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HYPONATREMIA

Sodium is an important electrolyte that helps maintain the balance of water in and around your cells. It is essential for proper muscle and nerve function and helps maintain stable blood pressure. A normal sodium level is between 135 and 145 mEQ/L. Hyponatremia (low sodium) is defined as a sodium level of less than 135 mEQ/L.


Symptoms of low sodium may vary from individual to individual. If one's sodium level falls gradually (chronically) over time, one may not experience symptoms until the levels become critical. If one's sodium level falls rapidly(acutely), then symptoms may be more severe and constitute a medical emergency.


Hyponatremia is the most common electrolyte abnormality for which hospitalizations occur. Common symptoms of low sodium include headache, nausea, vomiting, muscle cramps, gait unsteadiness, weakness, confusion, and irritability. Severe symptoms include loss of consciousness, seizures, and coma.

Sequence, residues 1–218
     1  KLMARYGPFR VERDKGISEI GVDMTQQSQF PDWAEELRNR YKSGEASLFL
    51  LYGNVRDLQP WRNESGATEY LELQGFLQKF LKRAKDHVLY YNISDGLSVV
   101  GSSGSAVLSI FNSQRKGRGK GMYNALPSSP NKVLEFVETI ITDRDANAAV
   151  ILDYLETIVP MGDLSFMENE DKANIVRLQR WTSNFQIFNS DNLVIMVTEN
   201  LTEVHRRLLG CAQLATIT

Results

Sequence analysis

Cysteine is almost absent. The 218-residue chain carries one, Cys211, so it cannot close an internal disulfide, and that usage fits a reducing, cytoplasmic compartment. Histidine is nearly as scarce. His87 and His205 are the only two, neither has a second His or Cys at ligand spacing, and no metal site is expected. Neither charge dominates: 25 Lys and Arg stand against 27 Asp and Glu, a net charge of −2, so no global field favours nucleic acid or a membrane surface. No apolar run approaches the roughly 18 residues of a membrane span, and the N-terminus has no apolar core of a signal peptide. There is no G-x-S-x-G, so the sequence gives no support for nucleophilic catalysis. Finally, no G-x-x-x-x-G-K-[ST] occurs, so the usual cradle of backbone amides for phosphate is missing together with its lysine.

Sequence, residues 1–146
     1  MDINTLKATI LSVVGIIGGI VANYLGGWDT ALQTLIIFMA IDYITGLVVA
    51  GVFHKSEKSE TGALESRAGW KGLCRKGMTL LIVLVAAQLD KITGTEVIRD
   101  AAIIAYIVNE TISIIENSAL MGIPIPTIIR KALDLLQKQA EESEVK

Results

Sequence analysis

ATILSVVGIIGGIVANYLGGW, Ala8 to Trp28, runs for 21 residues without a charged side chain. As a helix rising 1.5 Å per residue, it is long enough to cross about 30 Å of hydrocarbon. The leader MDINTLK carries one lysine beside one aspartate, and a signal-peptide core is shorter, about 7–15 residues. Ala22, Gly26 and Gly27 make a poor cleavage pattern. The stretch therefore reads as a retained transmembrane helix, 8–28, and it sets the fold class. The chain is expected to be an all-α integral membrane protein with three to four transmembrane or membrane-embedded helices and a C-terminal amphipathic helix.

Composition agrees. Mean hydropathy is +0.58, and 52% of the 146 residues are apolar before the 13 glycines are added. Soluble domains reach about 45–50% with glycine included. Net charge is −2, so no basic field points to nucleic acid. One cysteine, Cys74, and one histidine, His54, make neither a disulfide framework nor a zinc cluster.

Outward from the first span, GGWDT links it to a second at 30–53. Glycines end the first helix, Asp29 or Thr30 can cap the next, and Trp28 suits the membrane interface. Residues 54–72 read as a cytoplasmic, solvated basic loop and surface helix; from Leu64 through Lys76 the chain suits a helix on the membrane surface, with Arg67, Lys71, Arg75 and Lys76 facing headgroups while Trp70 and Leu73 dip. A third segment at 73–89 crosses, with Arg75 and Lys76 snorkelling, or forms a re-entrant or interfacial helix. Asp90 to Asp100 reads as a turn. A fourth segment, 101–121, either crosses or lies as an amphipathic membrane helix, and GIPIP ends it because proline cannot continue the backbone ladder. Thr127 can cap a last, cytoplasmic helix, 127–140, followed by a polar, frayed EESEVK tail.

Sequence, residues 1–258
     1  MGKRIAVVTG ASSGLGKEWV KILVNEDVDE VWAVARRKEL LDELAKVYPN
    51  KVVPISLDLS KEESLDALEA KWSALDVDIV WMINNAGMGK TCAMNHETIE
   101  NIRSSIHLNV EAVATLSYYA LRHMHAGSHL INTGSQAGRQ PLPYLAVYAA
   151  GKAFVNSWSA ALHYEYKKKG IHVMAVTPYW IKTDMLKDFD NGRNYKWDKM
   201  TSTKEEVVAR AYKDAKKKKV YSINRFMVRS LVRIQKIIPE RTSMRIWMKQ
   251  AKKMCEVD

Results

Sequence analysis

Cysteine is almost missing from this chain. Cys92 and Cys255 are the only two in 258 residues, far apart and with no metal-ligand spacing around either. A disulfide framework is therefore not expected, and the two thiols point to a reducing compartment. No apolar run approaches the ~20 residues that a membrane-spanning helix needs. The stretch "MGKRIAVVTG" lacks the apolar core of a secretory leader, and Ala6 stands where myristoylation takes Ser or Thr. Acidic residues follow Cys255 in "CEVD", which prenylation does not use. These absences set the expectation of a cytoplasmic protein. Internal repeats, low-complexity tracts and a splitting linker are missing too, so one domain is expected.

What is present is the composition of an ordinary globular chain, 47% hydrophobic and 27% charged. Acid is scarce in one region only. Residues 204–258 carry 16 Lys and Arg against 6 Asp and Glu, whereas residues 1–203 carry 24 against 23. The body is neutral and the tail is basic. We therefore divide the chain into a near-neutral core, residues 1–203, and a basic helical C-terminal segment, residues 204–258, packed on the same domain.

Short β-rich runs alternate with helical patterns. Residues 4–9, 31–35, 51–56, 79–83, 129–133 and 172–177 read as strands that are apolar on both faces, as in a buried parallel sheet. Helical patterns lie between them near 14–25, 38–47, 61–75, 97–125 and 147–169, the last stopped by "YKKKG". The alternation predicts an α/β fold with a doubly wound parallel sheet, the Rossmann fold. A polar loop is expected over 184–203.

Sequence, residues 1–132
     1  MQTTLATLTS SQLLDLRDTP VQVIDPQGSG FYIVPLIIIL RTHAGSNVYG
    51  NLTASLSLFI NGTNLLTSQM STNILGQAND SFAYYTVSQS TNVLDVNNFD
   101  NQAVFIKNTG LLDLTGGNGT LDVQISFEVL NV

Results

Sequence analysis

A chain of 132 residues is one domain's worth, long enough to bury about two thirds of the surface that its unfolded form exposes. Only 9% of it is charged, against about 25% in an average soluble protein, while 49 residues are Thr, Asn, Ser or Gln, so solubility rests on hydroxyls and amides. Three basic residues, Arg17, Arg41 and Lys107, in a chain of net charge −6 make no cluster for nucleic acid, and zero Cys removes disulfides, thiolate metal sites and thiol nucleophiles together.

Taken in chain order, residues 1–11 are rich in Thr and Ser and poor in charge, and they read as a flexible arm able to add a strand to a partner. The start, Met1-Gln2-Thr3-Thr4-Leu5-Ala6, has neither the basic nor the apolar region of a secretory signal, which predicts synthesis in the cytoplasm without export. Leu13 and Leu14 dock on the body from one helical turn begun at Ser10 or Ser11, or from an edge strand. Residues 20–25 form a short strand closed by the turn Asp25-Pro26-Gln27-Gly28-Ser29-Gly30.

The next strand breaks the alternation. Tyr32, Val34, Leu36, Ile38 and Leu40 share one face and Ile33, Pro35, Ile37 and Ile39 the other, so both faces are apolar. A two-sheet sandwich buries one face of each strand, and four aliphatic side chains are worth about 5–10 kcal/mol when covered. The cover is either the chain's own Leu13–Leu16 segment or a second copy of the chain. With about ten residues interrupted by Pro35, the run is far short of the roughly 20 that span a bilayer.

There are many reasons why one's sodium might get low. These include:


1. Certain medications such as diuretics, psychotropic drugs, and pain medications

2. Kidney disease, liver disease, and heart failure

3. Volume depletion from diarrhea

4. Hormonal imbalances- SIADH (Syndrome of inappropriate antidiuretic hormone) which can cause water retention; Addison's disease; thyroid disease

5. Drinking too much water such as when athletes drink too much water during endurance events


The diagnostic workup for hyponatremia includes certain blood and urine tests. Treatment varies, depending on the cause.


If you are concerned that you may have hyponatremia and would like to learn more about diagnosis and treatment options, you can call us at 817-233-6923 to schedule a consultation.


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